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Let them stay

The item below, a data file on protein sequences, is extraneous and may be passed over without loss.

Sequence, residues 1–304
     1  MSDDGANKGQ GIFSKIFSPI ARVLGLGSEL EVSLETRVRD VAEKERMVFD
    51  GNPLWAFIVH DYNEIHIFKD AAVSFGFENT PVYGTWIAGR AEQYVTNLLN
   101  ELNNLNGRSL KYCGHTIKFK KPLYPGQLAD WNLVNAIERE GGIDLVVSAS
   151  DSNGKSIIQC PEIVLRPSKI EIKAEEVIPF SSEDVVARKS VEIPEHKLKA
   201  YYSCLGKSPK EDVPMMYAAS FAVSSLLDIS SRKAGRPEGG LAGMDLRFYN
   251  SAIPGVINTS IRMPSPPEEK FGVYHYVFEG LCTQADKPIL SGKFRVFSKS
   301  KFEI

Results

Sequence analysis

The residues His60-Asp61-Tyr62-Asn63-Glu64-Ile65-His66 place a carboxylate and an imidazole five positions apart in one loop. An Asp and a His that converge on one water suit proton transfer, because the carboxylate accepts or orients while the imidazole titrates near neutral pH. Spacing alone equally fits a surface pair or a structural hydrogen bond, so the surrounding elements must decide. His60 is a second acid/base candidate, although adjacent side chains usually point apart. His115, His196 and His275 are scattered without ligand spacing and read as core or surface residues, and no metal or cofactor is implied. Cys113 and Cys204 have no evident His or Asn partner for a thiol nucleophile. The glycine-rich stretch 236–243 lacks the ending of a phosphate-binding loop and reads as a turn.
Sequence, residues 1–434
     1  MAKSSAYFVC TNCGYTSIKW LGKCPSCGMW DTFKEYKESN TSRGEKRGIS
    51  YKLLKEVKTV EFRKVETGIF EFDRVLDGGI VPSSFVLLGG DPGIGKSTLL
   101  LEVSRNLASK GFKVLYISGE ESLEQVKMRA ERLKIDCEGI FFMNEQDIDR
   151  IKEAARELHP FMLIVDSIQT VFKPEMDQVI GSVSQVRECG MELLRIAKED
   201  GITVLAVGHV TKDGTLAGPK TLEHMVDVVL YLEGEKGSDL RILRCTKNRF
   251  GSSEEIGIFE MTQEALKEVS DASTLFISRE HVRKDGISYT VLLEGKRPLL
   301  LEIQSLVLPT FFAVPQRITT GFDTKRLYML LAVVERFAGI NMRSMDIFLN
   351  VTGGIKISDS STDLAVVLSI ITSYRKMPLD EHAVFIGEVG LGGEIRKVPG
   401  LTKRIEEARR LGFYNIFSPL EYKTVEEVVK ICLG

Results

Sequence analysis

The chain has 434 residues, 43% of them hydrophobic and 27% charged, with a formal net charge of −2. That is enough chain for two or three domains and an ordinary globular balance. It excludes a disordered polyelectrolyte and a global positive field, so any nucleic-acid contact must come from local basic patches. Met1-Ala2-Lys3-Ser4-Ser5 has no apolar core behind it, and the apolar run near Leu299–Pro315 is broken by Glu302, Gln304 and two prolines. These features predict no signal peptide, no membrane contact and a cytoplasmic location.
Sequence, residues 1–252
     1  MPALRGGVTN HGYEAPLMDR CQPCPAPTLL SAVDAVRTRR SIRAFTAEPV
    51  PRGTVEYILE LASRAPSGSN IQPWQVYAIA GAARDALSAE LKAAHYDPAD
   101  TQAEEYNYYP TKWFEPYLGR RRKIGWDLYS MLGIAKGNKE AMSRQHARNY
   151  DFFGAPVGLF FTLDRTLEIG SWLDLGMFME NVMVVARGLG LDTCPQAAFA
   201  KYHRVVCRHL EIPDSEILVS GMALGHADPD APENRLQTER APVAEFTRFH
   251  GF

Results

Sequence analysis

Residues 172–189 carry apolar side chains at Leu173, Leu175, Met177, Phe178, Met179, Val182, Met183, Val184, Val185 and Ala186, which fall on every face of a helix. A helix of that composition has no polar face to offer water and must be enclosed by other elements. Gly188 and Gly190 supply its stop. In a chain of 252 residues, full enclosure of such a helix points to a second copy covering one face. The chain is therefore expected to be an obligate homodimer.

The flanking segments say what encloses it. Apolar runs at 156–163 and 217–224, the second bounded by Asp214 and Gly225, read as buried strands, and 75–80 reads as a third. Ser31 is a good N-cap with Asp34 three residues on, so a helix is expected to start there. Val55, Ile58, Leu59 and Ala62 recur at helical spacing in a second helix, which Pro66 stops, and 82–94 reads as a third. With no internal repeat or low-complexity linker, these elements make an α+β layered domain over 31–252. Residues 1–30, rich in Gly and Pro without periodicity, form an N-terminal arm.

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A well-liked Etobicoke restaurateur and his family are being deported to China forcing the closure of their popular eatery and a loss of jobs for five workers, including two Canadians. Zhuo Yi Jiang arrived in Canada in 2002 with wife, Wei Hang Ye, both 40, and their son Jia Jun Jiang, 11. They later became parents of a Canadian-born daughter, Zhi Jun, 7. Jiang filed a refugee claim on behalf of his family to remain in Canada but it was rejected by an Immigration and Refugee Board. An application to stay on humanitarian and compassionate grounds was also refused. The family has to report to the Canada Border Services Agency (CBSA), on Airport Rd., on Tuesday to make arrangements for their deportation. “This is terrible because we work 13 to 14 hours a day so we can pay our bills and build our business,” said Jiang. “I think I may have to close my restaurant and let go the staff.” Jiang said his elderly parents and two married sisters, who have four children, are all Canadian citizens. He has been operating the Golden Asian Cuisine, on Rexdale Blvd., for almost three years. His wife and other family members work at the small restaurant. “We have a lot of people who depend on us,” Jiang said. “I am very disappointed because we have worked so long and hard to make the business grow.” He said the restaurant brings in about $30,000 a month. The family also has a $450,000 home, which is almost paid off. The couple had the option of taking their Canadian daughter with them to China or to leave her here with Children’s Aid officials. “I am taking both my children if we have to leave,” Jiang said. “All we want is a better future for our children.” Roy Kellogg, an immigration consultant who represents the family, said the Jiangs are well-established and settled in Canada. “This family is law-abiding and have a profitable business that hires Canadians,” Kellogg said. “They almost own their home and are paying a huge amount in taxes.” He said the family should be given a chance to remain in Canada. “They will make great Canadians,” Kellogg said. “Prime Minister Harper was in China trying to attract businesses and right here we are trying to save a business owned by Chinese.” He said the Jiang children have no right to reside permanently in China and will never obtain citizenship there since their parents have lived abroad. He said the children are not part of China’s “one-child policy” and are called “black children,” because they face penalties and do not qualify for government assistance. No date has been set for their removal.

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